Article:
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Photo by Ed Robertson on Unsplash

This week, I’m pleased to welcome back occasional contributor Dan Currell, who in today’s feature post reviews the recently published book, The Trust Revolution, by M. Todd Henderson and Salen Churi. See Post 130.

Dan’s return provides an opportunity to explain his mysterious title (Former Managing Director, AdvanceLaw) in the right side bar.  Dan’s current title is Senior Advisor in the Office of Finance and Operations at the U.S. Department of Education.  But to post that title would arguably require a clarification that Dan’s views are his own and not necessarily those of the current Administration or the Department of Education (in the unlikely event either has views on legal innovation). 
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Law firm innovation takes many forms. We need a tool to de-risk and demystify the process.


The above graphic is the Maker’s Matrix©, which is a tool I created to more efficiently categorize, prioritize, and resource innovation projects.  This is because innovation in law firms is a nascent field with lots of hype and headlines but remarkably little structure.  See, e.g., Bruce MacEwen, “Who’s your Chief Innovation Officer, ” Adam Smith, Esq., Nov. 13, 2019.  That’s okay, though.  I’m happy for the opportunity to figure it out.
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“I make innovation less risky and more accessible to the many brilliant lawyers in our firm.” — Anusia Gillespie


I am pleased to introduce today’s guest contributor, Anusia Gillespie, who currently serves as Director of Innovation at Eversheds Sutherland (US).  As demonstrated in Post 128, Gillespie has the full innovator’s tool box:  multiple perspectives (law, design, business operations, technology, and strategy), systems thinking, intellectual courage, astute observation, and the patience and confidence to learn through controlled trial and error.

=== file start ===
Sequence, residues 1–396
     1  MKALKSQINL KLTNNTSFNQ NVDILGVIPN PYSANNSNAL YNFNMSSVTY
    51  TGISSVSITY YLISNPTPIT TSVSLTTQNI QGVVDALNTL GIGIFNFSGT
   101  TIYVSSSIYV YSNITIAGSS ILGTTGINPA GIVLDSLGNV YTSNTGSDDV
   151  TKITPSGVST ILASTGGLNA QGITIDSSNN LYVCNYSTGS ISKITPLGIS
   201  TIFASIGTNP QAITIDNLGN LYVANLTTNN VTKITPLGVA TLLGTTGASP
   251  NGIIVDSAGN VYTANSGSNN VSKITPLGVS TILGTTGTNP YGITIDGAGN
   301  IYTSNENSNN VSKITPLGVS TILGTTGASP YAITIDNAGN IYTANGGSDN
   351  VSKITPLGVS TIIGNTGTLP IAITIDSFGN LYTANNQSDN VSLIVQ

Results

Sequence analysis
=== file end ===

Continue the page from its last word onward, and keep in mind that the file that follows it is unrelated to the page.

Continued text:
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One-to-many legal solutions are built by teams of multidisciplinary professionals. It’s time to build a legal talent supply chain.


The above graphic is a map of the human capital needed to create “one-to-many” legal solutions (Human Capital Map).  It’s a dense graphic on a complex topic. To explain its structure and the key insights it provides, I’ll cover the following topics:
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“Everything should be made as simple as possible, but not simpler.”    — Albert Einstein


The members of the Delta Model working group imagine a world, not too far off, where law schools, legal employers and clients all share a common touchstone for lawyer development.  For the last two years, we’ve been working on such a touchstone, which we call the Delta Model.  Our current version is expressed in the graphic above.